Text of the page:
Tag Archives: Whitchurch

HENGROVE HOUSING HORROR

Reverend Rees’s housing tsar, Paul “Wolfie” Smith’s promises to “build communities not just houses” on Hengrove Park have collapsed on first contact with the public.

The recent first round of public consultation in Hengrove found Wolfie’s Major Projects Team openly admit they will be providing NO FACILITIES as part of the development because “THEY ARE ALREADY HERE“. So don’t move there expecting anything other than McDonalds, KFC and Premier Inn to service your needs.

The only public investment planners are agreeing to will be a GP surgery – somewhere – which is already urgently required in the Whitchurch/Hengrove area due to CHRONIC over-subscription of the existing GP service – and more primary school places.

 However, there will be NO NEW SCHOOLS. Instead, existing primary schools in the working class area – highly regarded for their leafy and spacious grounds – will be extended and expanded. Conveniently REMOVING playing fields and open space from the schools and leaving more prime development land for corporate developers to transform into high density rabbit hutches (surely exciting sustainable housing in the ‘Bristol Vernacular’ style? Ed.).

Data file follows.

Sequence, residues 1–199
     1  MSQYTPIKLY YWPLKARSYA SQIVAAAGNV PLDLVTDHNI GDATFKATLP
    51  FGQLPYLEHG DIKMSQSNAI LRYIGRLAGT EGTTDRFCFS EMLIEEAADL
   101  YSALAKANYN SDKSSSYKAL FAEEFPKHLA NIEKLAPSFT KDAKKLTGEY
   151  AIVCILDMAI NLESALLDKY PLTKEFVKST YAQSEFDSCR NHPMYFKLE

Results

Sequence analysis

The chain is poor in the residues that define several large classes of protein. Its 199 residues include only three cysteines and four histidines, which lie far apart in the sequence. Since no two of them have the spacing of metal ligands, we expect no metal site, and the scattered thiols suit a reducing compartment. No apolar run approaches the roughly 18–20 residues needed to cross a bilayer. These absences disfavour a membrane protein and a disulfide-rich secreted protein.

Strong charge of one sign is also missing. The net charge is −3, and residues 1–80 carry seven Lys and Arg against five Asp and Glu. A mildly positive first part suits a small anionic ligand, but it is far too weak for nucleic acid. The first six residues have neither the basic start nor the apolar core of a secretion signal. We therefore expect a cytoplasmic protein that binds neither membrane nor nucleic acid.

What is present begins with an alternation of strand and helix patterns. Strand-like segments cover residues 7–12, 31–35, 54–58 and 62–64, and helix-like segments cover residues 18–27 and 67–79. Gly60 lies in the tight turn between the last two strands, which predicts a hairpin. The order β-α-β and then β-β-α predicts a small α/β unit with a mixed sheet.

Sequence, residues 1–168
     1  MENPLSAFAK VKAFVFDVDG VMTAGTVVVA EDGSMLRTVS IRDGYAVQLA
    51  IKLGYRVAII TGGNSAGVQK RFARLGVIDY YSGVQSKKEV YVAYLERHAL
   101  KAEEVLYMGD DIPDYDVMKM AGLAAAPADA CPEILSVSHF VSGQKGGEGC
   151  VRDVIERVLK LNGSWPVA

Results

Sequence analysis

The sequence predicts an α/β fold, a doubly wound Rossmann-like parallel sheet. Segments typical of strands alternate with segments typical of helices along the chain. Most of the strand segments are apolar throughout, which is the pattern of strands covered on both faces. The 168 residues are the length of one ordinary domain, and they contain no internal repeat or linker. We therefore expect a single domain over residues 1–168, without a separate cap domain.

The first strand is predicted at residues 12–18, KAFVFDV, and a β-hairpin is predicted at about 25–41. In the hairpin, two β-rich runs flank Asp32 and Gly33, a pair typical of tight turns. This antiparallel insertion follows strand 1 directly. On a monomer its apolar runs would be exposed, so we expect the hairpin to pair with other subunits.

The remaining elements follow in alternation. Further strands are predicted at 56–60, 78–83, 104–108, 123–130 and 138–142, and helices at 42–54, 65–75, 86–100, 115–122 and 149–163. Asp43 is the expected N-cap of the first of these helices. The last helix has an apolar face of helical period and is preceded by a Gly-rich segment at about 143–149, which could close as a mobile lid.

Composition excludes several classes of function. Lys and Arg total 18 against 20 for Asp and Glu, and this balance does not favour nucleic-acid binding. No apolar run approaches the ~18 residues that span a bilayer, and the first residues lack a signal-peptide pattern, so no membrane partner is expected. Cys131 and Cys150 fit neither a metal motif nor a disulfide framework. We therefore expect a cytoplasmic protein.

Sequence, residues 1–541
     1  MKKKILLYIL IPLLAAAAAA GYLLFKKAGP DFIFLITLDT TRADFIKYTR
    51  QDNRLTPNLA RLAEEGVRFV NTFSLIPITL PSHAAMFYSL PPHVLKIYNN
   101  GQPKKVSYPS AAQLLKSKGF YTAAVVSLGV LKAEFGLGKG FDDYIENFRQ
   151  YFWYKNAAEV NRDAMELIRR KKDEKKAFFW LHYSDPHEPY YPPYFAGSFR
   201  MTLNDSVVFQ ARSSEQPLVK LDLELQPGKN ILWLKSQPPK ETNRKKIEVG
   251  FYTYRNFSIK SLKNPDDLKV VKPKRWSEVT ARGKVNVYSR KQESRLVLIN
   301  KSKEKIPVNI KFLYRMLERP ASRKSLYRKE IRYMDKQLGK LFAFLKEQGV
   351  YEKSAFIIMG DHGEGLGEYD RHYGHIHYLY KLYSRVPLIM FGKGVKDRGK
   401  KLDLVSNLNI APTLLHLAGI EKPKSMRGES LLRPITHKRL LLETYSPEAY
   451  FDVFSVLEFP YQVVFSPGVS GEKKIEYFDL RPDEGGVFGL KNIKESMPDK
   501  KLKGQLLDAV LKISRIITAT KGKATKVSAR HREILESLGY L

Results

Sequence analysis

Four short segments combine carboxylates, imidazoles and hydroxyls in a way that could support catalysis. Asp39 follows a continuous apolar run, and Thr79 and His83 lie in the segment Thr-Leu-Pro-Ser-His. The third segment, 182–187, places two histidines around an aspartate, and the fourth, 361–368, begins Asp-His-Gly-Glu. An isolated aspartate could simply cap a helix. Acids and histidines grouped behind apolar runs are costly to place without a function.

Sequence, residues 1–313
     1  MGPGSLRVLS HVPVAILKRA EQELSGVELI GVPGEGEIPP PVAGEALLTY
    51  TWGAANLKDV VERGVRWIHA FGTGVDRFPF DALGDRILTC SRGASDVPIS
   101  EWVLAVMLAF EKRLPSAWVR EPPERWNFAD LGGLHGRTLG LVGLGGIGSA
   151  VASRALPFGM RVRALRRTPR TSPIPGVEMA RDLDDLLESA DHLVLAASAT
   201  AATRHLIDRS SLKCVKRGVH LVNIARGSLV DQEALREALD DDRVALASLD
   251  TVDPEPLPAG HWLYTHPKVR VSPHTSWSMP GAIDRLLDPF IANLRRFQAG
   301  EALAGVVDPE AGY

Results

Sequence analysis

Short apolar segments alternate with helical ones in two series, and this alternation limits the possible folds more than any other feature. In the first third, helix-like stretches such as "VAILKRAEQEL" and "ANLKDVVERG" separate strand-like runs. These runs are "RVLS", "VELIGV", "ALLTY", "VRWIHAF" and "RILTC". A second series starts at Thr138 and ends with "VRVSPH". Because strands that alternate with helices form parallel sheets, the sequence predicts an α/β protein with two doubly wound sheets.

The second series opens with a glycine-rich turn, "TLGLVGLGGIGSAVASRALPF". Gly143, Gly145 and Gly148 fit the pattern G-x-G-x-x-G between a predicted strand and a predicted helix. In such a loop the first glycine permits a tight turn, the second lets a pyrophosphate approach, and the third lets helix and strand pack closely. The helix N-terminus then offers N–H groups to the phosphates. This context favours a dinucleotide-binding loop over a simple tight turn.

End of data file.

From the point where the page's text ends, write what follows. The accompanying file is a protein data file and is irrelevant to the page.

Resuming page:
The highlight of this major development shambles, mainly designed to place large sums of cash into corporate developers coffers, however, is the plan to SHUT the recently opened Family Cycling Centre on the old Whitchurch Athletics Track and build a main access road over it!

Not only does this plan DEMOLISH one of the few public facilities still allowed in the area, it also demonstrates Bristol City Council’s real level of commitment to so-called “sustainable transport” and “active travel” once the hard cash for corporates is on the table.

 The council’s current Quality of Life Survey lists the number of commuters cycling to work in the area as ZERO PER CENT while 60 per cent use their car. And car use will only increase once Wolfie throws up 2,000 extra homes with car parking spaces. Why would anyone want to promote cycling here?

Residents in and around Bamfield in Whitchurch are especially up in arms since their residential road is set to become the MAIN VEHICLE ACCESS to all this new housing. Thousands of vehicles will be encouraged to drive down Bamfield every day and then drive directly over the ex-running track to access Wolfie’s new “community”. Locals predict traffic chaos and say the level of congestion and pollution likely to be generated by this plan is “HUGE“.